Respectfully, I beg to differ with Lex Burkett’s letter criticizing our elected officials for promptly imposing more stringent measures to control the spread of coronavirus infection than neighboring states [“We Deserve Better Political Leadership,” May 27, Xpress].
Our local leaders took action on March 15, two days before Gov. Cooper pulled the plug at 5 p.m. on St. Patrick’s Day, averting superspreader events in crowded bars. In public health, we have a word for these kinds of decisions: conservative.
A classic nightmare in public health, made famous by Ibsen’s play “An Enemy of the People,” is elected officials balking at control of microbial hazards out of fear of upsetting the local tourism industry.
Total case counts heard on the news allow the health care system to plan to not get overwhelmed. But rates in the population and in space provide more insight into disease transmission, I believe. Using data from the websites of state health departments on May 2, I compared incidence rates for Buncombe with two counties in adjacent states whose residents frequently travel to Asheville. To tease out social distancing from the built environment, which can’t be readily altered, I normalized the rates to each county’s population density. Buncombe’s rate was just four cases per 100,000 population per 100 square miles. In Washington County, Tenn., (Johnson City) it was 13, and in Greenville County, S.C., it was 17. This struck me as early evidence that our more stringent local and state measures were working.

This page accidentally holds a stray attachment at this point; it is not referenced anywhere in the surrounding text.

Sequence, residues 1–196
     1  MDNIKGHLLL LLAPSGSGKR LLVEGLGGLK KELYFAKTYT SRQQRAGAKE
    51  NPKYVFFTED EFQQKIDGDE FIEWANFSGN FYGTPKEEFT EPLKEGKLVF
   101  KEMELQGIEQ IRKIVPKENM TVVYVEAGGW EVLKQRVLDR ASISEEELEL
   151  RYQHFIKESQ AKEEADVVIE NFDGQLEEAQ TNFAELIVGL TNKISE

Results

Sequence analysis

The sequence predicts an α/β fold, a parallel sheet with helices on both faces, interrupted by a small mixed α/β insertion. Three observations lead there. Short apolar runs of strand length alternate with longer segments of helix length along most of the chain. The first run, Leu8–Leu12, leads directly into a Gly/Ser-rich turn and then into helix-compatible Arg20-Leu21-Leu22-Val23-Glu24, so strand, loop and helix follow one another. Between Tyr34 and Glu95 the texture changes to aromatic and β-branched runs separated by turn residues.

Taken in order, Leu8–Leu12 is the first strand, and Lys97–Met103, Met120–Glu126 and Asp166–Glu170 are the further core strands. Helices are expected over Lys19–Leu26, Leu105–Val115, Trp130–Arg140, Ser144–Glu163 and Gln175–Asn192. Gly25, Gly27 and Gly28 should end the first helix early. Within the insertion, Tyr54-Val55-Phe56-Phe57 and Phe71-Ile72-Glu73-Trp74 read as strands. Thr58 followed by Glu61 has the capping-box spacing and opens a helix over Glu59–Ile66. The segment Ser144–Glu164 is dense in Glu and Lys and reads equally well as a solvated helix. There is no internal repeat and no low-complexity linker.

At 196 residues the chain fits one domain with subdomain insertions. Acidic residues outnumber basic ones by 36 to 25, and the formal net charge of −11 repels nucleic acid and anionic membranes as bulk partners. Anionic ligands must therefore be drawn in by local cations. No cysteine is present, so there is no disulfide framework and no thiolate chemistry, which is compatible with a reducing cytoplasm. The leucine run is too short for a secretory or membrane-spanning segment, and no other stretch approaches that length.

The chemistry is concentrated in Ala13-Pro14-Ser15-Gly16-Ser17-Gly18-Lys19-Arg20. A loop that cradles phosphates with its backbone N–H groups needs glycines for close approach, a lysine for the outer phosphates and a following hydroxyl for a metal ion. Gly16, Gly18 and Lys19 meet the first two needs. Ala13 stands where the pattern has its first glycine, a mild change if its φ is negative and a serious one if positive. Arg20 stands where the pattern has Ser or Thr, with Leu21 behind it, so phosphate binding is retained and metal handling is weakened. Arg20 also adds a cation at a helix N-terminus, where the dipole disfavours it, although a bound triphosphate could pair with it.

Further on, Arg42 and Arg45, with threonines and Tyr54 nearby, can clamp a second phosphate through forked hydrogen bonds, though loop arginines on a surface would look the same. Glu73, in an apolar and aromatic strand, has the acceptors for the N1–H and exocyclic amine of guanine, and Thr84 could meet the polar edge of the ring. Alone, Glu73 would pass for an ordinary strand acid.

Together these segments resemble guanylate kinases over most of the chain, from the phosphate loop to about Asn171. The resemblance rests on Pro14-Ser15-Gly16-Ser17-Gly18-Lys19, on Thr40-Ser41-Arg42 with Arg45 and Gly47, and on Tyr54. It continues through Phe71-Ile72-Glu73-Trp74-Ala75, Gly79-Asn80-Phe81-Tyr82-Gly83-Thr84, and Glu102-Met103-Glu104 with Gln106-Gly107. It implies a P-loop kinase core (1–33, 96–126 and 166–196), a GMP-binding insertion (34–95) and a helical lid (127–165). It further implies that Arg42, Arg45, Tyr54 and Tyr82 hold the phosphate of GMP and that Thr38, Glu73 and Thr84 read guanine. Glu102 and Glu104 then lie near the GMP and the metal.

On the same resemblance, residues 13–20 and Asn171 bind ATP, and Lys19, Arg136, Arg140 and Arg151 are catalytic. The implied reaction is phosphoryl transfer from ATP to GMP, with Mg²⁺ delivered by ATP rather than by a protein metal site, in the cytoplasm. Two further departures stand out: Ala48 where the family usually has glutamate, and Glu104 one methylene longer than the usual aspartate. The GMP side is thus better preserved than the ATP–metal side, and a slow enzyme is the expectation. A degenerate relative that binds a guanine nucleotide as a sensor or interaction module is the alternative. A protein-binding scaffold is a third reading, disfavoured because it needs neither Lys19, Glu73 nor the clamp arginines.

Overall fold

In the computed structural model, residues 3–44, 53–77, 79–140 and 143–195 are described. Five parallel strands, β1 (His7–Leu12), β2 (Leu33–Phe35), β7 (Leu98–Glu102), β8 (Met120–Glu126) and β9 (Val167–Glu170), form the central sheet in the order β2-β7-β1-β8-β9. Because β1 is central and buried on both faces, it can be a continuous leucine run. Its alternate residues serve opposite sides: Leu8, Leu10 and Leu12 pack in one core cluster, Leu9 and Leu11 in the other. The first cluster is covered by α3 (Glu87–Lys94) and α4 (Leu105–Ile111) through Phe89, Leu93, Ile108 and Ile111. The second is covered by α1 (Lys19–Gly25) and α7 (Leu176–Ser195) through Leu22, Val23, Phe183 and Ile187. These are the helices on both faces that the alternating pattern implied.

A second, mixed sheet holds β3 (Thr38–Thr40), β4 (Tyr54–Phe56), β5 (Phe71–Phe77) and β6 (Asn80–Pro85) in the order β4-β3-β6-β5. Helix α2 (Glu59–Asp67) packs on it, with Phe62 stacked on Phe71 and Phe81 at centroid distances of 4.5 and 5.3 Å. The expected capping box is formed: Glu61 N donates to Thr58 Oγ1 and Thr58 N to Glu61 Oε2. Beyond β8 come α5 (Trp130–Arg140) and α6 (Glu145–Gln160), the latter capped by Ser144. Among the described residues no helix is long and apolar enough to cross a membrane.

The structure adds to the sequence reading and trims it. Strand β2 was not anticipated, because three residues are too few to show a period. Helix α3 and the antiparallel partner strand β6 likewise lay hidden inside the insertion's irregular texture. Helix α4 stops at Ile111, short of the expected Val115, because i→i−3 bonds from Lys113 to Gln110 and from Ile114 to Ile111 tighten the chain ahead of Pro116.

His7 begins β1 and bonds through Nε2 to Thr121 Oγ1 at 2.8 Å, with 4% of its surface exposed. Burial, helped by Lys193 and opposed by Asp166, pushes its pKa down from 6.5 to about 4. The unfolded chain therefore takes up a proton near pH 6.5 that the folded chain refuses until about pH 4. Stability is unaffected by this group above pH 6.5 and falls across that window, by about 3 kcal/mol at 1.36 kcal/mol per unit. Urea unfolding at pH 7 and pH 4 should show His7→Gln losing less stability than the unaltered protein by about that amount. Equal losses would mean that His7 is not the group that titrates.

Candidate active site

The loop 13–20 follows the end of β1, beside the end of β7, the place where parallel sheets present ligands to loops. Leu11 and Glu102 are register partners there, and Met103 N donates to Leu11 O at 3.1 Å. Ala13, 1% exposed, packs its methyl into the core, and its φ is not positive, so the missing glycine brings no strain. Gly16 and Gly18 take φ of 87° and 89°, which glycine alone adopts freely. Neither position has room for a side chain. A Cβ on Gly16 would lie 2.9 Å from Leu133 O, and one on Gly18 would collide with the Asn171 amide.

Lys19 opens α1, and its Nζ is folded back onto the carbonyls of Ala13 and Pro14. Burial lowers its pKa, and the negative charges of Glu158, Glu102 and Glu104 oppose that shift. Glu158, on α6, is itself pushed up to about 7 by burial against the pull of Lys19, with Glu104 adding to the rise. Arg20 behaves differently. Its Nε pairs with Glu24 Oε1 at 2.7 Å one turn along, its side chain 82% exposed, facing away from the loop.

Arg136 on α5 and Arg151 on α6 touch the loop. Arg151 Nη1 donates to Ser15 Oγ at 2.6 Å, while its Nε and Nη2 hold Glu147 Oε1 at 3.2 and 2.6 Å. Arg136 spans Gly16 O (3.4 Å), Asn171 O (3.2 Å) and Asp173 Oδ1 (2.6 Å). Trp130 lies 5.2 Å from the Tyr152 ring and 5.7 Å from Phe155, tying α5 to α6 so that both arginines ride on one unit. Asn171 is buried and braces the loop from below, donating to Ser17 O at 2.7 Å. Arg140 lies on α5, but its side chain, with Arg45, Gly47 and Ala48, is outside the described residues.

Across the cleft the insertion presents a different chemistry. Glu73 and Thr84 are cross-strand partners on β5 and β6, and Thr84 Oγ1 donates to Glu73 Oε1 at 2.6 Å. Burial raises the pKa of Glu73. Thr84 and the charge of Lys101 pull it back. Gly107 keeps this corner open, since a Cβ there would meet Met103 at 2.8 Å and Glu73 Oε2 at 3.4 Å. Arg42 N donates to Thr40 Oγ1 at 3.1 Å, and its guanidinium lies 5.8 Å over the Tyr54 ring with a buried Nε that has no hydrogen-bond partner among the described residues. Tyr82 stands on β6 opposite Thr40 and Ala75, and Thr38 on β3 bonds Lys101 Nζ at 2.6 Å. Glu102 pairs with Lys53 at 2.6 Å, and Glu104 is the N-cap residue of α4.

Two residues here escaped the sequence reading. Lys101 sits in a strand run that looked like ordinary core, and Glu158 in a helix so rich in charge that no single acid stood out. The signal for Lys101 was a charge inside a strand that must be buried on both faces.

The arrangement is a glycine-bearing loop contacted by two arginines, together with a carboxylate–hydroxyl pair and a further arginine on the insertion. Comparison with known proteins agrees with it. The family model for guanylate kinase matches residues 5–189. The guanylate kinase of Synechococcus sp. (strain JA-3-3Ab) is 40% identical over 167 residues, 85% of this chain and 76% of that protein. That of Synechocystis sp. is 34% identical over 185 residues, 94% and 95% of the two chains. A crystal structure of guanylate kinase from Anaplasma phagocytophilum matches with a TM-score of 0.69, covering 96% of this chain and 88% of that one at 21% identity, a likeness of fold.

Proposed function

As of May 29, however, my calculations show Buncombe’s rate now matches that of Washington County, Tenn. (18 per 100,000 people per 100 square miles), while Greenville’s is 33. Johnson City’s larger student population leaving town, some to be diagnosed at home, and Buncombe’s outbreaks in long-term care facilities have probably skewed these numbers to Buncombe’s detriment. Either way, a logical inference is that things would have been a lot worse, sooner without the prompt action taken by our local leaders.
I miss the convivial atmosphere of my favorite places downtown, too. I look forward to seeing all my buddies, vertical and not under a mountain of medical debt. Perhaps we’ll raise a glass to the decision-makers who had the brains and guts to protect public health, along with our long-range economic future.
Tip big, folks.
— Ken Silver
Editor’s note: Silver reports that he is an associate professor of environmental health at East Tennessee State University in Johnson City.